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            as it is in extraordinary laſting and great Rains,
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            then there muſt be ſome diſcernable alterati-
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            ons in the Light of our Earth; </s>
            <s xml:space="preserve">But yet this
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            does not make it to differ from the Moon;
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            </s>
            <s xml:space="preserve">ſince it is ſo alſo with that Planet, as is ſhew-
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            ed in the latter part of the next Chapter.</s>
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          <head xml:space="preserve">PROP. XII.</head>
          <p style="it">
            <s xml:space="preserve">That’tis probable there may be ſuch Meteors belong-
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            # ing to that World in the Moon, as there are
              <lb/>
            # with us.</s>
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          </p>
          <p>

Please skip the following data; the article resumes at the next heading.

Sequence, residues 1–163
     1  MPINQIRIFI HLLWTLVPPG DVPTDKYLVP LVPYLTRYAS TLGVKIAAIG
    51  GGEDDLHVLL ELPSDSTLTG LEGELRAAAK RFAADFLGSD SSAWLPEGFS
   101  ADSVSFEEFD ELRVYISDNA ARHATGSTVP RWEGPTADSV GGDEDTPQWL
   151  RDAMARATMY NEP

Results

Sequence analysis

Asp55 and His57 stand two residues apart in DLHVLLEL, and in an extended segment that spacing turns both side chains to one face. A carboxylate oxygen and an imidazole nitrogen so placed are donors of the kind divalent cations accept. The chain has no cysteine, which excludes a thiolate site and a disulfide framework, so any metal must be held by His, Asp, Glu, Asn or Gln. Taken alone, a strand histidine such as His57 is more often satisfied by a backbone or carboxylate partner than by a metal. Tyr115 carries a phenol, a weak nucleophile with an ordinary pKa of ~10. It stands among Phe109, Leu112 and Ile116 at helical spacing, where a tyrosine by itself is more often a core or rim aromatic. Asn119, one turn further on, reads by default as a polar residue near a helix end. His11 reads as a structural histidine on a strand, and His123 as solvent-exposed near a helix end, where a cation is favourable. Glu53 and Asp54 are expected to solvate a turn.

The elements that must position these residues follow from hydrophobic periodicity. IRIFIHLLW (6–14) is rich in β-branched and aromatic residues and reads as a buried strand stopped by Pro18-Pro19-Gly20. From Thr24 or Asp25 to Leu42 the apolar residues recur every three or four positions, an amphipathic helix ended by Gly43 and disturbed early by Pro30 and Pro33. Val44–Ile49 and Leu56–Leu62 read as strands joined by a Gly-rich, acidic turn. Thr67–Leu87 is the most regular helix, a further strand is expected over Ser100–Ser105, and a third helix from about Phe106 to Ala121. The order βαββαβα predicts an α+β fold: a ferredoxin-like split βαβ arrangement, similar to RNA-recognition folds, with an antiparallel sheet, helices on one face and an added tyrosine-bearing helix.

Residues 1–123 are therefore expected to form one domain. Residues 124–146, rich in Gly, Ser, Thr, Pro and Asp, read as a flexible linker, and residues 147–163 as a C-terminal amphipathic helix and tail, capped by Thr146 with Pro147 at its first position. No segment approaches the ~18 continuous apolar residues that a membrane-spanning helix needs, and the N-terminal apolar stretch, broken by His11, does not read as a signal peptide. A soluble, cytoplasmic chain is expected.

<s xml:space="preserve">PLutarch Diſcuſſing this Point, Affirms, that
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            it is not neceſſary there ſhould bethe ſame
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            means of Growth and fructifying in both theſe
              <lb/>
            Worlds, ſince Nature might in her Policy find
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            out more ways than one, how to bring about
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            the ſame Effect. </s>
            <s xml:space="preserve">But however, he thinks it is
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            Probable, that the Moon her ſelf ſendeth forth
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            warm Winds, and by the ſwiftneſs of her mo-
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            tion, there ſhould breath out a ſweet and com-
              <lb/>
            fortable Air, pleaſant Dews, and gentle moi-
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            ſture, which might ſerve for refreſhment and
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            nouriſhment of the Inhabitants and Plants in
              <lb/>
            that other World.</s>
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          <p>
            <s xml:space="preserve">But ſince they have all things alike with
              <lb/>
            us, as Sea and Land, and vaporous Air en-
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            compaſſing both, I ſhould rather therefore
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            think, that Nature there ſhould uſe the ſame</s>